- Their combined household income-this includes the applicant’s partner’s income (in addition to their own), any joint savings that they have, a pension that either of them might be receiving
- Their household demographics-the number of adults living in the house (in addition to the applicant and their partner) as well as the number of children in the household.
How Else Can I Avail Council Tax Reduction?
Whether residents own or rent their homes, they may qualify for a council tax reduction in their bill, if they meet any of the following criteria:
- living alone: regardless of financial circumstances, living alone is enough reason to avail of a 25 per cent discount as council tax rates are established on the assumption that each house will comprise of two adults.
- living with a full-time student: full-time students and student nurses are exempt from council tax bills. Sharing a residence with them qualifies you for a discount.
- living with someone below 18 years of age: since council taxes are applicable on adults, anyone below the age of 18 does not qualify to be counted as a member of the shared household where council tax is levied.
- being a carer: while there are additional criteria to be considered her, being a carer for another member of the household for at least 35 hours per week qualifies the individual for a CTR.
- changes in home value: if there is a change in the surroundings of your residential property causing a full-time decrease in its value, the council tax band may be lowered by a valuation expert, enabling you to enter a lower band with reduced council tax bills due.
- the desired mode of payment: while council tax payments are spread over 10 monthly instalments, should you require a change such as 12-month instalments, it will reduce the monthly amount to be paid. On the other hand, should you prefer to pay the annual amount in a lump sum, a bulk payment may also qualify you for a discount.
How Can I Get Exemption From Council Tax?
To be able to claim eligibility for exemption council tax payments, claimants must be able to fulfil the following criteria:
- the owner does not live in the said property and lives in a care home
- the owner is receiving hospital care at a medical facility
- the owner/tenant is temporarily living elsewhere to take care of someone
- the owner/tenant is in the armed forces and is stationed away from the premises at times
- the owner/tenant is serving jail time prison (not for non-payment of council tax bills)
- the said property is/was registered by a charity and is not used for residential purpose
- the said property is an extension/annexe of a single property
- properties that have been repossessed
- properties that are purchased to be demolished
Further details about council tax exemption are available here: Properties exempt from council tax – Council tax discounts, reductions and exemptions – Newham Council
If an individual fulfils any of these criteria, they must contact their local council office and raise an appeal for council tax exemption.
A detailed study of the DWP’s statistical analysis of low-income households reveals that while higher-income households receive their income in the form of earnings while low-income households rely on state benefits to classify as income. With the median UK income at £547 (per week) during 2019-2020, anyone earning 60 per cent less than this, equal to or below £328 is considered to be on low income.
However, being on low income does not automatically qualify an individual to be eligible for council tax reduction. The local council will also take into account their savings, their partner’s income and savings, whether they are claiming any other benefits, as well as their household composition of adults versus no-adults to decide whether or not the applicants will be awarded council tax reduction and if yes, what would the amount be.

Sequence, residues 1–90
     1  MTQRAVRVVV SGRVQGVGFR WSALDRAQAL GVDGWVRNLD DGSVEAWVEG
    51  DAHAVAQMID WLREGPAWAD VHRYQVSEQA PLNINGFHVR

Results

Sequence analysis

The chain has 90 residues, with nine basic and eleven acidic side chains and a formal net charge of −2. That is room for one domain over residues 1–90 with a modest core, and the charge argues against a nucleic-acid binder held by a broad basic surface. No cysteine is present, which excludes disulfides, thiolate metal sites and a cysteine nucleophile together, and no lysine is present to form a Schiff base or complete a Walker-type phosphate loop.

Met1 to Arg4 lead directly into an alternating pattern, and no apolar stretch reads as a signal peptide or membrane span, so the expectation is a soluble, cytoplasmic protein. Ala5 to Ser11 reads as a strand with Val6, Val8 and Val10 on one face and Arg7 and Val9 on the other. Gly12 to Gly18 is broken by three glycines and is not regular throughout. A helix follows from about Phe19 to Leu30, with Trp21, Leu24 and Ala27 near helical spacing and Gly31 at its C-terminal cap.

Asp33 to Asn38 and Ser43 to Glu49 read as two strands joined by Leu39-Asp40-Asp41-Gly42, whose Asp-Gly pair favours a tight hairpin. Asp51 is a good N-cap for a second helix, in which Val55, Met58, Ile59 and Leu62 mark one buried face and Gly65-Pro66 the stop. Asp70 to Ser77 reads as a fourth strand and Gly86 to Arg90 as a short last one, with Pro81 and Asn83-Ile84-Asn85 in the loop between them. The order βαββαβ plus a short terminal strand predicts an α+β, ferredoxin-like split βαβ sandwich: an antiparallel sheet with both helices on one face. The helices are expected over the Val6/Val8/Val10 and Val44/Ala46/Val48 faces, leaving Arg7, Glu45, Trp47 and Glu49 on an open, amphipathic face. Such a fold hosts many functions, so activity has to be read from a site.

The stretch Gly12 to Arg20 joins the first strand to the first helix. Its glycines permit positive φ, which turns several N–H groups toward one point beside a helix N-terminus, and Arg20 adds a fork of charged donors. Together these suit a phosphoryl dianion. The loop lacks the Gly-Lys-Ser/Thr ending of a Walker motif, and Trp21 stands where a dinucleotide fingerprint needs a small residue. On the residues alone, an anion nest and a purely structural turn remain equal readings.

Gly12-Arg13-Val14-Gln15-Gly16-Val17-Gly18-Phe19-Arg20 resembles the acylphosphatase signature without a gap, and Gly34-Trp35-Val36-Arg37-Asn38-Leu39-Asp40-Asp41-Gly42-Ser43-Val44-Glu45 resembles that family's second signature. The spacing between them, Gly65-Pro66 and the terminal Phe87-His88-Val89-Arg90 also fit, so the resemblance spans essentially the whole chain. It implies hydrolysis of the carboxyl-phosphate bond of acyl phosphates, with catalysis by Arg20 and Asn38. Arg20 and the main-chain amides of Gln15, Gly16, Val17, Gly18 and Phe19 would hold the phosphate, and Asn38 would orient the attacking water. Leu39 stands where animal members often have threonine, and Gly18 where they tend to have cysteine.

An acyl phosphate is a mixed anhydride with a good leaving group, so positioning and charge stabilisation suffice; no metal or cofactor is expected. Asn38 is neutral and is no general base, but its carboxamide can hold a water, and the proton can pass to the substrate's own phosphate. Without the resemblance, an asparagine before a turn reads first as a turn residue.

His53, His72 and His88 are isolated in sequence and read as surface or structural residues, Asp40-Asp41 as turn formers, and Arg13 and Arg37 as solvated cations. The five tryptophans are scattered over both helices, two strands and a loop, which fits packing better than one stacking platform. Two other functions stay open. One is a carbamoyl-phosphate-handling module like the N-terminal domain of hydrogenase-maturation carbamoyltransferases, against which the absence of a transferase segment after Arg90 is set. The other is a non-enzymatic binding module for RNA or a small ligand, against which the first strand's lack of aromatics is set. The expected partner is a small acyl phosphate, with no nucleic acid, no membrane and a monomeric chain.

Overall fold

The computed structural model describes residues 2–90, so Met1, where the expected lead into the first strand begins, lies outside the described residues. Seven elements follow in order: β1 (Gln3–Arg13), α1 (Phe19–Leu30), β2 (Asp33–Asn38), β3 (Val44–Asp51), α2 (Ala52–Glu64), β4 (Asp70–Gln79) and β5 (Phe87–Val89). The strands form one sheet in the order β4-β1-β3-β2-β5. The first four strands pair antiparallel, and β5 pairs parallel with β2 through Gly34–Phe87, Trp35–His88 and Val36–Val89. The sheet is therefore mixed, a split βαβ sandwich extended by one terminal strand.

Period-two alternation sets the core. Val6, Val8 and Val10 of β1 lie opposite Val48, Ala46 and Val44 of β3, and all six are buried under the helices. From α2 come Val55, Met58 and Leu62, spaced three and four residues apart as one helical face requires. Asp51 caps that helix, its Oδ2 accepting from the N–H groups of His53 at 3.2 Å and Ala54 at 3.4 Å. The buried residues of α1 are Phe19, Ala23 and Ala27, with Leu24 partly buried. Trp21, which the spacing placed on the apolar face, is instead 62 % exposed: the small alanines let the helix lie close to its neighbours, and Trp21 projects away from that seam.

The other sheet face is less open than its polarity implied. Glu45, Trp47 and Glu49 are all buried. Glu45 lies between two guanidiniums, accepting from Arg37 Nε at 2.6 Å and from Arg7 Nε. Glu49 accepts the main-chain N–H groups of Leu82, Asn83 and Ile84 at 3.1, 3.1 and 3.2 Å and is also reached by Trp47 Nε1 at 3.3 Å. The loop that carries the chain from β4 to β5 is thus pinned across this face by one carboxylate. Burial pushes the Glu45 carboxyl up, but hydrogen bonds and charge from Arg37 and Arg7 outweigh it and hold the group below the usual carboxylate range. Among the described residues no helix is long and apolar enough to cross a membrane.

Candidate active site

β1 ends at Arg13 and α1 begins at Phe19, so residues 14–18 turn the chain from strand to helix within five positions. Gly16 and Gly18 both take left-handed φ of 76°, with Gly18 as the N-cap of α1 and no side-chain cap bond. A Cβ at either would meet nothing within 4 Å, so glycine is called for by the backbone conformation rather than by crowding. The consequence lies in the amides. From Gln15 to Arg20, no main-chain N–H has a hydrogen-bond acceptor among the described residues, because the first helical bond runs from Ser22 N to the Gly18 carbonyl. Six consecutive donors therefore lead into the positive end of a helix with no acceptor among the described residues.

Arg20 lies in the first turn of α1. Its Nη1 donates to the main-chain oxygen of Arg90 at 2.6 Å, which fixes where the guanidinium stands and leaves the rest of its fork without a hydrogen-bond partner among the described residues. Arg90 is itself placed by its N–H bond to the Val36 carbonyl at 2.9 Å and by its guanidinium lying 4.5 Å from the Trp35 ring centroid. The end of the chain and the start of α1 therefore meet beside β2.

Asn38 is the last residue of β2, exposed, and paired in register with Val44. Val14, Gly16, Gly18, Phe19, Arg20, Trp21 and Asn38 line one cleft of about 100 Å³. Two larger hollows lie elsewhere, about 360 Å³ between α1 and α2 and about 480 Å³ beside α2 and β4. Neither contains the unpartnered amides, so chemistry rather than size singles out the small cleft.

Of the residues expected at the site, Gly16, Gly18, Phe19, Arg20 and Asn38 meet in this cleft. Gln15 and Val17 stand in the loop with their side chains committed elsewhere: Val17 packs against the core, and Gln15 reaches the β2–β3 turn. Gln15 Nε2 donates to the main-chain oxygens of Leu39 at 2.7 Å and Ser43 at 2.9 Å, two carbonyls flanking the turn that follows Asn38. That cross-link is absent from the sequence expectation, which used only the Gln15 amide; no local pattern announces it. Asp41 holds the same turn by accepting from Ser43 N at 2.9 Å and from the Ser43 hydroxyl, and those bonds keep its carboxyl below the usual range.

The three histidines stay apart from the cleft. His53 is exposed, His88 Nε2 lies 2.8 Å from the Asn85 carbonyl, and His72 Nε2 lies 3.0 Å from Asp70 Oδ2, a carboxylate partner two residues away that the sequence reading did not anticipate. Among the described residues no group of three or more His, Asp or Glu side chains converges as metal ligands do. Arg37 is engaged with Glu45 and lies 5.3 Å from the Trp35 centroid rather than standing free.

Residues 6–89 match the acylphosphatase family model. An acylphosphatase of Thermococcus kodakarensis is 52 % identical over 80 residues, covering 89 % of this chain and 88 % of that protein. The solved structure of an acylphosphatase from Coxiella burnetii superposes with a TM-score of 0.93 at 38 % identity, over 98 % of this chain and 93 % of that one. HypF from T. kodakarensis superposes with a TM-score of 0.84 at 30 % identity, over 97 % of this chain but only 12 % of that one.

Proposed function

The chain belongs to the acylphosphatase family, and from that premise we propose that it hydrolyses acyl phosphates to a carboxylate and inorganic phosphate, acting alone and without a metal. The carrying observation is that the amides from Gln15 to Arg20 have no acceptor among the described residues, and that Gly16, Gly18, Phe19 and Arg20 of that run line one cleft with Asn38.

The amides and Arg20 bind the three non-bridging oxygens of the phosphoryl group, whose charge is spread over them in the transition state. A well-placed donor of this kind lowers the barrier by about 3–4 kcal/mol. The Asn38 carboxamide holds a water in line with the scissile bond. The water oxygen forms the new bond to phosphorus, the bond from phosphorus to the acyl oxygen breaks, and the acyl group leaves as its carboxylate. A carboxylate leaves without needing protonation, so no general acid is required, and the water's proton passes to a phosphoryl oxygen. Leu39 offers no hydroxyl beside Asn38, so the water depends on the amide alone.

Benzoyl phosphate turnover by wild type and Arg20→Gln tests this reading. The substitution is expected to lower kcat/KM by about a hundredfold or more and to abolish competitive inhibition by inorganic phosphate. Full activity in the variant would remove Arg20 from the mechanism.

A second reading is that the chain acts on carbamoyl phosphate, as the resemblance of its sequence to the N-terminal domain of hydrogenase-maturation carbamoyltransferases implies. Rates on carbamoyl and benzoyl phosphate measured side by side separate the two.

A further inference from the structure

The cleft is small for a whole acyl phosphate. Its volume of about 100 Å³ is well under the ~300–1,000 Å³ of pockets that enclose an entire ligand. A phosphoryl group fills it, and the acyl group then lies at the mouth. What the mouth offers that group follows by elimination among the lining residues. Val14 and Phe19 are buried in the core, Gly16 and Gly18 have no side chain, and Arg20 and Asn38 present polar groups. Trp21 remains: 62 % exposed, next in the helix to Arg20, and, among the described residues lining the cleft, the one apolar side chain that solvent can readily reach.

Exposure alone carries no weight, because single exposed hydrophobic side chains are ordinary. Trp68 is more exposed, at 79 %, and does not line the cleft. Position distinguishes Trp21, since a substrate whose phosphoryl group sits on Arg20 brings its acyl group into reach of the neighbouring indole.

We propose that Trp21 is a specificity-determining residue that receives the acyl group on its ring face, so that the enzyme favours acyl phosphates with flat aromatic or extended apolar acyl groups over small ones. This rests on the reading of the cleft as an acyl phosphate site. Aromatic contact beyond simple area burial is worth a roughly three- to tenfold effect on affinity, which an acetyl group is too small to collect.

FAQs: What Is Classed As Low Income For Council Tax Reduction?
What is the earning threshold for council tax benefits?
As a general rule, if someone is of working age but is not holding a job or they are earning below £86.80 per week, they will not be required to pay council tax; unless someone aged 25 or above is living with them and earning more than £86.79. If an individual is earning 60 per cent below the median income threshold, they become eligible for a council tax reduction on their bill. However, they must contact their local council office to formally apply for a council tax reduction and share relevant details regarding their income and circumstances.
What qualifies for low-income in the UK?
Households in the UK are classified as being on low income if they live on less than 60 per cent of the median net disposable income earned. As per data published by the Department for Work and Pensions in March 2021 a household with a couple having no children would be considered to be in low income if their annual household income is less than £17,100 BHC (before housing costs) and £14,800 AHC (after housing costs). The median income for the term 2019-2020 has been taken as £547 per week; with the 60 per cent of median income mark falling at £328.
What benefits qualify for council tax reduction?
An individual who is in receipt of any of the following benefits classifies as being eligible for a council tax reduction on their bill:
- Income support
- Job seeker’s allowance
- Employment and support allowance
- Pension credit
- Universal credit
Does universal credit count as council tax reduction?
Yes, if an individual is on universal credit, they can claim for council tax reduction. However, universal credit is run by the Department for Work and Pensions and does not directly cover you for council tax reduction. You must file an application with your local council office stating the details of the benefits you receive.
What is the difference between council tax support and council tax reduction?
There is no difference between the two terms. Council Tax Support is essentially the same as Council Tax Reduction. It is a benefit to help people who are low on income or claiming benefits so that they may be able to pay their council tax bills.